The important conclusion made already 1982 after the response from
A.L.J. Gielkens after his preliminary analyses that the new virulent Danish strains had not been introduced from abroad but had developed from Danish strains of lower pathogenicity (or virulence) was in this way substantiated by the results from many later investigations.

   Figure 5. Outbreaks of Aujeszky's disease in pigs 1978-1983 caused by syncytial and non-syncytial virus (Bitsch 1984a).
                In 1985 there were 38 outbreaks, of which 32 (84%) were caused by syncytial strains (see Figure 6).

   In summary, the main conclusions concerning the degree of pathogenicity (or virulence) of SuHV1 strains are:
  (1) Syncytial virus strains posess a higher degree of pathogenicity to both cattle and swine than
        non-syncytial strains;
  (3) Isolates from cattle exhibiting posterior pruritus (iatrogenic cases not considered) are regularly
  (4) SuHV1 appears to possess the ability to vary in degree of pathogenicity. Over time virus may
        become more virulent along with changes in the pig breeding and production structure;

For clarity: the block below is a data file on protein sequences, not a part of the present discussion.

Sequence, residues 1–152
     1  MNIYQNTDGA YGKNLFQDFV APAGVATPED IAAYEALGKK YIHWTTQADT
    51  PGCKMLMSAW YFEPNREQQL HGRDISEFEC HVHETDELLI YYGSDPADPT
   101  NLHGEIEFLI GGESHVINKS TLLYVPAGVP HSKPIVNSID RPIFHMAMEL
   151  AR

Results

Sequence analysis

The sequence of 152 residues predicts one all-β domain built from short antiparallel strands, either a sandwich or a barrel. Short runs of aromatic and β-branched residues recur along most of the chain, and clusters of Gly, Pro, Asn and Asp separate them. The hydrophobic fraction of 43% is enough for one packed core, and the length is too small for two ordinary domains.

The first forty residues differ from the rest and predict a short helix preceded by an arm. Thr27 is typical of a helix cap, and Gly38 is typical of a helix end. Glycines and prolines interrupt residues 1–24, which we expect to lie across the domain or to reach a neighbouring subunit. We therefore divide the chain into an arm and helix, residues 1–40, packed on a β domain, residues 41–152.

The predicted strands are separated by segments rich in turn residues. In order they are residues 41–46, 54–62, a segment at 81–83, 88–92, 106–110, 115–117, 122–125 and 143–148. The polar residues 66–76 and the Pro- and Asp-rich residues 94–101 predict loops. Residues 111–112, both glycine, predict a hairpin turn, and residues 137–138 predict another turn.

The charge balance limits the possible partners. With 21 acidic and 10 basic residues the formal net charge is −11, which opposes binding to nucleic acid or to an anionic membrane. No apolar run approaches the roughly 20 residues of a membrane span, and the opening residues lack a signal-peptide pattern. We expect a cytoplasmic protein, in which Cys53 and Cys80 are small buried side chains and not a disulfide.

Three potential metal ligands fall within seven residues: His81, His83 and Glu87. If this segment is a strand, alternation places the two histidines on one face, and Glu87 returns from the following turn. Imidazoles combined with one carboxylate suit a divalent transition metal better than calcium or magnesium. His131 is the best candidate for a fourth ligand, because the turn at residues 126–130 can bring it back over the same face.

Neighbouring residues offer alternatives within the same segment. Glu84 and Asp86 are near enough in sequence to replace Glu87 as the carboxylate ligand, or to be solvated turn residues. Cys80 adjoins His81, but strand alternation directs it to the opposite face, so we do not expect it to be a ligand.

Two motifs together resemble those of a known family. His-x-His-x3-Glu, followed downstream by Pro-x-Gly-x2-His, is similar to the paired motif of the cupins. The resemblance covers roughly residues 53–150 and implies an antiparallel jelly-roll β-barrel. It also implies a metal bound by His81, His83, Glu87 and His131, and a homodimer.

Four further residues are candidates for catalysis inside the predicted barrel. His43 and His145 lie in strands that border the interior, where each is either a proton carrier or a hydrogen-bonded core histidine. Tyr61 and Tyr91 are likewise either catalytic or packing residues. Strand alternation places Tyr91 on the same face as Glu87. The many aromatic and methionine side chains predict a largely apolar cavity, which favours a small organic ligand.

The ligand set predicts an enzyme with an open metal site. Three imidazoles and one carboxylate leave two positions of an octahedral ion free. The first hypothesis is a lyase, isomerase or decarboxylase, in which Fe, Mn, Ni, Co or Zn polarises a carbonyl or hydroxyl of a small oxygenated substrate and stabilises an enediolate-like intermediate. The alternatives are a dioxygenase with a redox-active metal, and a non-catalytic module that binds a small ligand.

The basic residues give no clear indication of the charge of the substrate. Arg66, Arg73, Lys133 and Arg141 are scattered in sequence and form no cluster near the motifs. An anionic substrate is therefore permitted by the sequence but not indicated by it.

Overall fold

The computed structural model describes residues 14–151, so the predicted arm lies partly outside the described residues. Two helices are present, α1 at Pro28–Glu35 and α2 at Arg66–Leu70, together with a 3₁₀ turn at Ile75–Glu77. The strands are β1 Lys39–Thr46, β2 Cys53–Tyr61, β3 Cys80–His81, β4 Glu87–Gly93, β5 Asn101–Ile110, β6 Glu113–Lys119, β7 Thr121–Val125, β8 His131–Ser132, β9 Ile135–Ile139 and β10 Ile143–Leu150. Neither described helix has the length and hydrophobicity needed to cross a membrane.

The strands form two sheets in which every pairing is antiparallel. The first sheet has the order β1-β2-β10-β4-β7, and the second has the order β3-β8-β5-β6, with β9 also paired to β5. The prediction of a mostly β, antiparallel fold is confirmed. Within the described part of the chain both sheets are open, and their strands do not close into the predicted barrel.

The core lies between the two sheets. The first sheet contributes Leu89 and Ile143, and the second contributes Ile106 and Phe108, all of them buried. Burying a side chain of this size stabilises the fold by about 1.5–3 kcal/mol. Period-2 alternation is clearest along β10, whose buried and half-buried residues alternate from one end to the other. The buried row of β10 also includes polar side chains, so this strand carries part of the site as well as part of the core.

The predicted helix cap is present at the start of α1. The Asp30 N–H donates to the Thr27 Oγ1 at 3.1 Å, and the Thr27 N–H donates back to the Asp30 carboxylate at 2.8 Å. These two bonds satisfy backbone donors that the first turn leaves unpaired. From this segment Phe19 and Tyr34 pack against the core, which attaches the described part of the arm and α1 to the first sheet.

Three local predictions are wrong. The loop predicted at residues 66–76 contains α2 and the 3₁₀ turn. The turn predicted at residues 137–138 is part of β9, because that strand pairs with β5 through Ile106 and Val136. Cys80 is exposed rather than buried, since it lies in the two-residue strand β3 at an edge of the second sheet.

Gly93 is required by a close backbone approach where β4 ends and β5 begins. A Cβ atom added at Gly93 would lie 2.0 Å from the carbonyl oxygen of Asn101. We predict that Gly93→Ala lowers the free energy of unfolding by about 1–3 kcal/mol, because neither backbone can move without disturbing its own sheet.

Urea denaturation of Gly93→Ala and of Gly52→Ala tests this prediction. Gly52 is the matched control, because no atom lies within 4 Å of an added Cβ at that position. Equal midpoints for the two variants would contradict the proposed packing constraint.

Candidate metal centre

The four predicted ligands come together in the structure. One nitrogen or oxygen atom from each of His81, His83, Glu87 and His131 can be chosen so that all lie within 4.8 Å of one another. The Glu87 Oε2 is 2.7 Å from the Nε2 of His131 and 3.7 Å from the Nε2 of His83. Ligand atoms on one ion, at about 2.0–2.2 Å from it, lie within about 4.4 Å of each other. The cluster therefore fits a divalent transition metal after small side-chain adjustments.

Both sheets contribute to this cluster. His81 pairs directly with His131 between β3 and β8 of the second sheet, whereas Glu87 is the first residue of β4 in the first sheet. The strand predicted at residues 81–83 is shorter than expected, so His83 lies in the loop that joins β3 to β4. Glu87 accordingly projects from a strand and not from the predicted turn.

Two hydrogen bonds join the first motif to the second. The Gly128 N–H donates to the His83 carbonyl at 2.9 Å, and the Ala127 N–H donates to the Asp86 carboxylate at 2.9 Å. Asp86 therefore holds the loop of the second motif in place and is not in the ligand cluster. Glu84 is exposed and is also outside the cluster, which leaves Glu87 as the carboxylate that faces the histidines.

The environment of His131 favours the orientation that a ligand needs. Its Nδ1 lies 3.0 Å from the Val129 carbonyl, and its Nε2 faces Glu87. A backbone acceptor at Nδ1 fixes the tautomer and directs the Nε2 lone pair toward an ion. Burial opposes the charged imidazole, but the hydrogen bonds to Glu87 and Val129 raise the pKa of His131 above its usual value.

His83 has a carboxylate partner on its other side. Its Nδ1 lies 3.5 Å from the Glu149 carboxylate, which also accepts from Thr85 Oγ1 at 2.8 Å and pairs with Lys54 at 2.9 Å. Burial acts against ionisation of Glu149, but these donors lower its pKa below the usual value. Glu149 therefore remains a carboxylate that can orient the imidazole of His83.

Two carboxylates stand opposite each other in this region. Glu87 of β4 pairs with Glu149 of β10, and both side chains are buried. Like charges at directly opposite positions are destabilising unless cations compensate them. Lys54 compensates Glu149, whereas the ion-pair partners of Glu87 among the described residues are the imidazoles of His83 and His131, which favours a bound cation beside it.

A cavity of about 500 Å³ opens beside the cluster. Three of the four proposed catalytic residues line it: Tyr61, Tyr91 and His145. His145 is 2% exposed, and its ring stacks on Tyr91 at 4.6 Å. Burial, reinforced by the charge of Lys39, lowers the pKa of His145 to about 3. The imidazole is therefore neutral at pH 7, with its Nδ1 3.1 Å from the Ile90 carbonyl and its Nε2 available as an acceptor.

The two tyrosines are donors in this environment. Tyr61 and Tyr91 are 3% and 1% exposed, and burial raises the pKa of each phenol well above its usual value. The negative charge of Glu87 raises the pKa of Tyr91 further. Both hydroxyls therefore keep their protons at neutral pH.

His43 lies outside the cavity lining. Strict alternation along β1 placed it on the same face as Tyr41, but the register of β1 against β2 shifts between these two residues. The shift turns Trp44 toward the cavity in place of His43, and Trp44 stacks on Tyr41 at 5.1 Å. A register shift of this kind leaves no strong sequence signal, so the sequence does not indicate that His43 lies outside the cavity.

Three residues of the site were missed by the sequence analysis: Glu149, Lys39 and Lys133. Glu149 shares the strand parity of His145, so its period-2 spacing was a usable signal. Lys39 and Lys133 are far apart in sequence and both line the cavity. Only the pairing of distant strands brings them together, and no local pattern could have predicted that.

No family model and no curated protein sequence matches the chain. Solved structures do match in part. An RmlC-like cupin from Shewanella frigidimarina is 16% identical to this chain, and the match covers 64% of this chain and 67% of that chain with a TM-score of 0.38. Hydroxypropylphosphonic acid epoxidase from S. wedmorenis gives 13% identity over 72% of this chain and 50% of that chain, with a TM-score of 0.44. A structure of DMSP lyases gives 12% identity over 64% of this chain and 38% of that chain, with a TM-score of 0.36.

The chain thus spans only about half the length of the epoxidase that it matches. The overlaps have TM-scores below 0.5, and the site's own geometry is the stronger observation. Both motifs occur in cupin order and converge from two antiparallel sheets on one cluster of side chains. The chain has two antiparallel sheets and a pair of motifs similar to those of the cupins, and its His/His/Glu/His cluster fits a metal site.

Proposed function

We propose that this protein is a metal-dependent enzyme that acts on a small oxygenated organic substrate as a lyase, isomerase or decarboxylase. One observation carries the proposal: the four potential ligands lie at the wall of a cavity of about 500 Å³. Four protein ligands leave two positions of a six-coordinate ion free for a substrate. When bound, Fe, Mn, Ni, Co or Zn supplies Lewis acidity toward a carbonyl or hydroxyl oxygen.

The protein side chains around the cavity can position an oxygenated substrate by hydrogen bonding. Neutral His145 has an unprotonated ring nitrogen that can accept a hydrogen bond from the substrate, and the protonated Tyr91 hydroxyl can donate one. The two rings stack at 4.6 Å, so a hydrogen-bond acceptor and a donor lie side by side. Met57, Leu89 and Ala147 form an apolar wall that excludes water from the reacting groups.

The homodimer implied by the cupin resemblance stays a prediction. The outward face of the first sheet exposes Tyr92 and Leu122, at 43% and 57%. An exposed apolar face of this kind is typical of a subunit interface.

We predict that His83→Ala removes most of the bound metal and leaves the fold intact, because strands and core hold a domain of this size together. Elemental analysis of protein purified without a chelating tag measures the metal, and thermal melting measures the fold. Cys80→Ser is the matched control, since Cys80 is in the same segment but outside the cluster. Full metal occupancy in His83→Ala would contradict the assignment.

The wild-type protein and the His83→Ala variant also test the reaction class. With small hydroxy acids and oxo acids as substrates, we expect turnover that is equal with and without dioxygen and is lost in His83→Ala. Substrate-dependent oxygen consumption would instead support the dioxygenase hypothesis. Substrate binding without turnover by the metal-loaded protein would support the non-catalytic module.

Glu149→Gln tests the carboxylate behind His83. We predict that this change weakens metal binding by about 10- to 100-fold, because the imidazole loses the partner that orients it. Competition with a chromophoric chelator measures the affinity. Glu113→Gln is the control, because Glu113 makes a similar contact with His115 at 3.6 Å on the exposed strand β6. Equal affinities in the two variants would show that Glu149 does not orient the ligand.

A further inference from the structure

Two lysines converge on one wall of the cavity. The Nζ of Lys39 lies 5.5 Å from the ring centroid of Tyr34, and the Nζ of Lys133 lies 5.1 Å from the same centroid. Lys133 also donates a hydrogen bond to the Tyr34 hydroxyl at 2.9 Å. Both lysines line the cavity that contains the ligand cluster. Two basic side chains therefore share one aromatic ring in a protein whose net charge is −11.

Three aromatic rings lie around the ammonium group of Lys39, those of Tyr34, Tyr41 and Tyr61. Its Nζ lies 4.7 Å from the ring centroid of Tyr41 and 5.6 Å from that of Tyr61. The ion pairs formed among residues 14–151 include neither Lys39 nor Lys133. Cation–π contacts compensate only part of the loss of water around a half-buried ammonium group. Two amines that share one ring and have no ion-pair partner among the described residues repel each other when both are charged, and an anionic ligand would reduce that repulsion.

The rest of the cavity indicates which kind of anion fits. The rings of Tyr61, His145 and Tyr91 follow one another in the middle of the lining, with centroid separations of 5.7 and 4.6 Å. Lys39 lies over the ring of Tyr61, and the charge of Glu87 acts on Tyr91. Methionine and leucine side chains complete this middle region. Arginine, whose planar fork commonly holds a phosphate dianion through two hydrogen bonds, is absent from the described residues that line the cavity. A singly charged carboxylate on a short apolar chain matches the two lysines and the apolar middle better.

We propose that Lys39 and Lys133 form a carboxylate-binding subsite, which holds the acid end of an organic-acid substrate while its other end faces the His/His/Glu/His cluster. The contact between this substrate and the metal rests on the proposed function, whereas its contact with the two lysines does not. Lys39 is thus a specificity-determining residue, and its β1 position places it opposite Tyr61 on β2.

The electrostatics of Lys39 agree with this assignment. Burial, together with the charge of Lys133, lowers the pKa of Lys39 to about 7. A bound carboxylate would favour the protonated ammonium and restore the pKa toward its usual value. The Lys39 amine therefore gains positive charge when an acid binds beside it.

(5) Danish virus strains are unique and constitute a separate group of SuHV1 viruses. No foreign 
        strains were introduced into Denmark before 1985;
  (6) Changes in virulence occurred in two major steps. The first step was the establishment about
        1964 of respiratory virus strains, which caused clinical outbreaks
 in pig herds and death of
        piglets a few weeks old, and which were spread vigorously over the following years. The
        second step was 
the development and spread in the 1970's of the more virulent syncytial,
        respiratory strains.
The ability of a SuHV1 isolate to cause syncytium formation in cell cultures is a valuable